Yes, some of us may have to undergo a full pat down security check. Is it invasive? Yes. Do we like it? No. We are fast getting to the point in our personal airport security checks where TSA might require us to strip down, have our clothes X-rayed, go through a full body scan and then re-dress on the other side. Sound ludicrous? So did full body scans a few years ago.
What I’m concerned about is not the 80-year-old grandma who’s flying to see the grandkids, but rather the ramp personnel, fuel truck drivers, catering truck drivers, etc. They do not currently go through any screenings, but they are in and about all those aircraft without a scintilla of an inspection excepting for their uniform and I.D. badges. That has me concerned.
If you want to catch a bad guy, you have to think like one and, believe me, if I can see holes in our security system at airports so can the bad guys. And yes, they are out there right now.
I was at LAX in Los Angeles a few years ago and a plane belonging to El Al, Israel’s state-run airline, was on the ramp. It was isolated from all the other aircraft and was pulled up to the loading ramp only when it was time to board. Israel has good reason to be a little bit squirrelly concerning airport security after all the years that country has been fighting for its freedom. We should be half as concerned.
Unfortunately, gone are the days of the sleepy little Reno airport of yesteryear that probably had no more than a half dozen aircraft a day. Passengers used to walk through the terminal/hangar, buy a ticket and carry their luggage to the plane themselves.
Good advice today is to travel lightly. Leave all your metal devices at home and enjoy the flight.
On Black Friday, before you load up your tent and sleeping bag so as to be the first one to get into any given store on Black Friday at midnight and take advantage of tremendous sales on a limited number of items, there are some things of which you should be aware.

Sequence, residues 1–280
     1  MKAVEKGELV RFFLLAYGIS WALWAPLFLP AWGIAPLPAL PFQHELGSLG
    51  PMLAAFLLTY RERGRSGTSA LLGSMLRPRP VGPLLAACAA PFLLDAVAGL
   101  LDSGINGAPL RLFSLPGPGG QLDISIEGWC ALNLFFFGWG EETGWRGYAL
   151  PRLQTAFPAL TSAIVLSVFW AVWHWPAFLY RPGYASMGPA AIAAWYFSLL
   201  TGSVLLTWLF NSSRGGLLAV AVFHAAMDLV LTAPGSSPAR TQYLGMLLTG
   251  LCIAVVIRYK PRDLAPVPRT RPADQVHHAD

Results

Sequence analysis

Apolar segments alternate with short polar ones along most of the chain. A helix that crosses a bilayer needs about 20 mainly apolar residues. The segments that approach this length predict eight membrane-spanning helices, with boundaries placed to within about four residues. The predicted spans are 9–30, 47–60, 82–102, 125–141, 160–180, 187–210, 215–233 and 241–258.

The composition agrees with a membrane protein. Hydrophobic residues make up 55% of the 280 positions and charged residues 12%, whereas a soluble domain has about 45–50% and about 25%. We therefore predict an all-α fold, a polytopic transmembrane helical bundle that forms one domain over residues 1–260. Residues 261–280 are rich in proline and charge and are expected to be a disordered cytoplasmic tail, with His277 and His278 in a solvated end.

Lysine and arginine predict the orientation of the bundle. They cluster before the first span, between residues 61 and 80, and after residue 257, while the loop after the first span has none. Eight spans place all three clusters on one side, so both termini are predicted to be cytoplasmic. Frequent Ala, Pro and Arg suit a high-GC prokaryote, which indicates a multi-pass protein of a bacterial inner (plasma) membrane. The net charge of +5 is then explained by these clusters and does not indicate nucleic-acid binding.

First of all, most of those big sales are items being clearanced to make way for new items. Yes, they are probably a good buy, but they are priced that way to sell them off so as to make room for the new merchandise coming after the first of the year. If stores have them on their inventory after the first of the year they have to pay taxes on that merchandise. The fact that there isn’t a large amount of a certain commodity available at the fantastic sale price should send up flags that the reason is it is a clearance item.
If the old merchandise is sold at Christmas, the job of inventorying the remaining merchandise is not as expensive to conduct because it will not take as long to count it when the existing inventory is depleted to a manageable level.
A lot of stores will be prelisting the remaining items after the Christmas season getting ready for the actual inventory day in late January. Prelisting means just that: The store lists the items in the store on sheets of paper by stock number and once the inventory is actually taken, the number crunchers in the store compile the results in an effort to be sure the store is ready for tax season.
Christmas is a festive season to be sure, but keep in mind all you shoppers, the businesses are in it for just that — business. Just be sure no one gives you “the business” in the rush for a deal at Christmas time.
Happy Thanksgiving to everyone!
Larry Wilson is a 50-year resident of Sparks and a retired elementary school teacher. You can contact him at firstname.lastname@example.org.